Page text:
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Wednesday, August 16, 2006

EMC: The Ten Percent Solution.


EMC’s stock opened at $10 on Friday. Today it closed at $11. Up 10% in three trading days. What happened?

VMWare, a division of EMC, has been building software based on “virtualiztion”. This allows a server running one OS like Windows to run programs made for another operating system like Linux. The software installs core components of one OS onto a machine running the other, allowing programs to be transfer. It emulates the OS instead of transplanting it.

VMWare has gotten some PR on this application recently. This includes an article from that points out that VMWare was $157 million of EMC’s revenue in Q2, growing 73% over the year earlier.

The issues with VMWare are fairly simple. Other companies like Microsoft are moving into this arena and EMC is a company that does over $2.5 billion a year. VMWare can be a good performer, but that will not make a great deal of impact anytime soon.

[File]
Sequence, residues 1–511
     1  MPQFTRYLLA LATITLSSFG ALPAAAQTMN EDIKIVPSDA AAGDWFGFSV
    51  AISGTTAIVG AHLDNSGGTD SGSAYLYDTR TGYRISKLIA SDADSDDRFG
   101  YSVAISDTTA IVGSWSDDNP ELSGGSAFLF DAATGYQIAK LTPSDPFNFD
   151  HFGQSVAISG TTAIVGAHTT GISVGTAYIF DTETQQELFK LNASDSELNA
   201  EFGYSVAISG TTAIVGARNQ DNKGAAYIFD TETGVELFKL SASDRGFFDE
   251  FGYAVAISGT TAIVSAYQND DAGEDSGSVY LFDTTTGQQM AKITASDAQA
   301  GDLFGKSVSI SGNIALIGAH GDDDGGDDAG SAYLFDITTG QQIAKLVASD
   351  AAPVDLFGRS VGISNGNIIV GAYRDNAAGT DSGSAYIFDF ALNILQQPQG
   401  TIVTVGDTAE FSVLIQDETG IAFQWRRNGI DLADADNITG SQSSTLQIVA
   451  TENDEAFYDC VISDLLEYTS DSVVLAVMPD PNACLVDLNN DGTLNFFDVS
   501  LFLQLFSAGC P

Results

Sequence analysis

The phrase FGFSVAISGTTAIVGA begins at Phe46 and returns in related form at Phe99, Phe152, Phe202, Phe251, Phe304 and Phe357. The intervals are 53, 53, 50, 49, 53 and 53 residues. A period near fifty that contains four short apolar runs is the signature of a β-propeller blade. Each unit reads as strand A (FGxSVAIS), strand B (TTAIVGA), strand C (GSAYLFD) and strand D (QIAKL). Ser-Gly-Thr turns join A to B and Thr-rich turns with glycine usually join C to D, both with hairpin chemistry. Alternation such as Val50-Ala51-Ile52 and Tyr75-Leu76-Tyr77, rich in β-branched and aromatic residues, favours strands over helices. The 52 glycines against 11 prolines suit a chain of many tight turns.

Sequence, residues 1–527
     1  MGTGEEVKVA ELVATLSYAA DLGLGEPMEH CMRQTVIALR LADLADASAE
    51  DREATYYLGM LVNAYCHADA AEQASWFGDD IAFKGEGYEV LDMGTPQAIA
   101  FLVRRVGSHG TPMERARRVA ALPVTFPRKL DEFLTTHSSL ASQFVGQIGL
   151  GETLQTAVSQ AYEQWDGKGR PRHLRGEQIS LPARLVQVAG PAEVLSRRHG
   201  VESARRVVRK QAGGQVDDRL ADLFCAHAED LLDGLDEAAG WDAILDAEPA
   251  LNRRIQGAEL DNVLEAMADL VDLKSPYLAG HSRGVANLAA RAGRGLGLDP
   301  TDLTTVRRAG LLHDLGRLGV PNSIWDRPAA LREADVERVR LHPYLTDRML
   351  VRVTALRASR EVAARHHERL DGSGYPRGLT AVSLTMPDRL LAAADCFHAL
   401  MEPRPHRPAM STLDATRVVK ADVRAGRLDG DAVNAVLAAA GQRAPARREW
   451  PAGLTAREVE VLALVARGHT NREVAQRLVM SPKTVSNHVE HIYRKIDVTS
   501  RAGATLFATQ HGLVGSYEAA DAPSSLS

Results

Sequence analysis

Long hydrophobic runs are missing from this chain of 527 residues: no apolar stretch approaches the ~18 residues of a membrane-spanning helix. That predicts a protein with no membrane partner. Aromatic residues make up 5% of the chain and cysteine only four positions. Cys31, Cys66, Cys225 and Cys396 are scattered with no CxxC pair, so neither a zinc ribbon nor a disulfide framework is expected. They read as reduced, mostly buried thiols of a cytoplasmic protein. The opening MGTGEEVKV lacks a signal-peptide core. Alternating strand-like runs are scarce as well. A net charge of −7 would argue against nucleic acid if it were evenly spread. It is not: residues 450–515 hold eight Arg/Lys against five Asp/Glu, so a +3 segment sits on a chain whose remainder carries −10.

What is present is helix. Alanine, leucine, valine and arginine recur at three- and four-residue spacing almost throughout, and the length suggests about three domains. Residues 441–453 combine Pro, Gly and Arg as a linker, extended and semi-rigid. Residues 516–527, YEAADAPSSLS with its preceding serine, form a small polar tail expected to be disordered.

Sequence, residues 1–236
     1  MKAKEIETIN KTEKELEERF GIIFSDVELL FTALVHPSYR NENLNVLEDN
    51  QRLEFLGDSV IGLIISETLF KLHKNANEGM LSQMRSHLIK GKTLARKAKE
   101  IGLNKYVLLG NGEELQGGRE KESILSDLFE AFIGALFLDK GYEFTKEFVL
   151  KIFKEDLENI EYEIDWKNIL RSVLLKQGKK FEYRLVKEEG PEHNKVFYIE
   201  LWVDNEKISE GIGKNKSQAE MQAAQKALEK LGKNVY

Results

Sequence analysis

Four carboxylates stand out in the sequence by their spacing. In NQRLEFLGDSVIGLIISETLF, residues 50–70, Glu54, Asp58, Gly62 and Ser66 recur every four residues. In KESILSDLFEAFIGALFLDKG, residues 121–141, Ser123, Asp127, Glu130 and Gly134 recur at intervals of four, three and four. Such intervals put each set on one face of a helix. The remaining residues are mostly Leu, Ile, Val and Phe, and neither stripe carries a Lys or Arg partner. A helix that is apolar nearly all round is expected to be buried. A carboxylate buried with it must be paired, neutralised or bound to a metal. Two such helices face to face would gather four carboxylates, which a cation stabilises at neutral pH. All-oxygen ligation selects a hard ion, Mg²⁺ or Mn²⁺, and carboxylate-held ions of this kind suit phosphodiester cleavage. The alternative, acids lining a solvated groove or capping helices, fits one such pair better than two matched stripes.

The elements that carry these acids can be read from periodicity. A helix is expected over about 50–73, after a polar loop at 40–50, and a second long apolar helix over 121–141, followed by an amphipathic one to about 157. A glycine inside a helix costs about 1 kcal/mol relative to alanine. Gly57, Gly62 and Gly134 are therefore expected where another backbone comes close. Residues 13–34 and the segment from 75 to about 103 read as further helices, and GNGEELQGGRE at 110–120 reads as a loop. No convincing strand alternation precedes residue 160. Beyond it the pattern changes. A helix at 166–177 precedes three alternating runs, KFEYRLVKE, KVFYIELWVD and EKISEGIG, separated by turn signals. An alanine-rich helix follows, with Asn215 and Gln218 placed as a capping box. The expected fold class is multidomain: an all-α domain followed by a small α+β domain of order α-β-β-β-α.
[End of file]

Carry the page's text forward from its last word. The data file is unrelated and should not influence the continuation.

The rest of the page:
EMC’s Q2 2006 numbers disappointed almost everyone. Revenue was $2.575 billion and operating income was $265 million. Each of the three immediately previous quarters was better.

Wall St. is also not excited about the amount that EMC paid for software security company RSA. EMC is paying over $2 billion for a company that had total revenue of $94 million in Q2 and $2.1 million in operating income. That does seem expensive.

Wall St. likes to look for complicated reasons that cause stocks to go up and down. EMC may benefit from something more basic. A number of tech stocks rose with Cisco’s earnings, and EMC may just be oversold. The company’s stock has dropped from $14.75 to $9.44. So, at $11, it has had a little run. Too bad that there is not a more complex explanation, but there does not seem to be.

If the bump in the stock is a small move up in an oversold stock that trades in a tech sector that is having a little rebound, don’t expect it to go much higher. There aren’t any other reasons for it to go up.

Douglas A. McIntyre can be reached at He does not own securities in companies that he writes about.

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